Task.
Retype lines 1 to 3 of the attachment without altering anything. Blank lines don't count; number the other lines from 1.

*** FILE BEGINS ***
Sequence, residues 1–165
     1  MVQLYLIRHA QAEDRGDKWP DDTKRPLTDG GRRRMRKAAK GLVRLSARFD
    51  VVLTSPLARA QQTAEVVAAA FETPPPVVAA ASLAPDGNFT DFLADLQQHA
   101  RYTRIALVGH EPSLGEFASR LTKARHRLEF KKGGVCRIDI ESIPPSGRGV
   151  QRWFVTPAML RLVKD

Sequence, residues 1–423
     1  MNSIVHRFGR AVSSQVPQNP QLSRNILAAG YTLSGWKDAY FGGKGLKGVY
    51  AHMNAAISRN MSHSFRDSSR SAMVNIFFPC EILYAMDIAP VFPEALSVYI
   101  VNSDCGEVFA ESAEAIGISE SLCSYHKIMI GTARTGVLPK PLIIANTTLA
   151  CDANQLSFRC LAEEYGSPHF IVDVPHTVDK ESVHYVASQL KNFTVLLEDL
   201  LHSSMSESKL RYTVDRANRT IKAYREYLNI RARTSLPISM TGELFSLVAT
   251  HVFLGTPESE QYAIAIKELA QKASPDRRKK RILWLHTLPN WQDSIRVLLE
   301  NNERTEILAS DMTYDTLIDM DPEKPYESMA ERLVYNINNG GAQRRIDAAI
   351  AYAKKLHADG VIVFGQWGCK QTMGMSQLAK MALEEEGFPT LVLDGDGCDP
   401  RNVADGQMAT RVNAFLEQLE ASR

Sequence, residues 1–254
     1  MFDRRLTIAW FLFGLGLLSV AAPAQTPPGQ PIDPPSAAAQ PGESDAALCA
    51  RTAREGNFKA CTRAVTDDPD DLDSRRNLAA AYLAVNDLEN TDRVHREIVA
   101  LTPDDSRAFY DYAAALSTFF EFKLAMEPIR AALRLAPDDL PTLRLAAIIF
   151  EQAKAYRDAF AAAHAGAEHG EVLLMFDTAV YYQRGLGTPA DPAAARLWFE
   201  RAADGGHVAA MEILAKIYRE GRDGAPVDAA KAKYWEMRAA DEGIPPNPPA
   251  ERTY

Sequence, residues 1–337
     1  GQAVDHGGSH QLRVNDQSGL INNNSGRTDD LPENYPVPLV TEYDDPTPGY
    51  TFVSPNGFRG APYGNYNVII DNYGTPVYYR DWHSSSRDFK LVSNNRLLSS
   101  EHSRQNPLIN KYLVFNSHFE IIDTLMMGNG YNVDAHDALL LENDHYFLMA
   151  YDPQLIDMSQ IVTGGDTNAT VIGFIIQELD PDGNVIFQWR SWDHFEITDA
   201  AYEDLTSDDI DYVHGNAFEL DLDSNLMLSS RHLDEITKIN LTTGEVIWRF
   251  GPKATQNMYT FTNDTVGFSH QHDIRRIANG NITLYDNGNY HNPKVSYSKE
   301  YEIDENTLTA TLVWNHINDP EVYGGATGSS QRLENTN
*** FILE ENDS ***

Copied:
Sequence, residues 1–165
     1  MVQLYLIRHA QAEDRGDKWP DDTKRPLTDG GRRRMRKAAK GLVRLSARFD
    51  VVLTSPLARA QQTAEVVAAA FETPPPVVAA ASLAPDGNFT DFLADLQQHA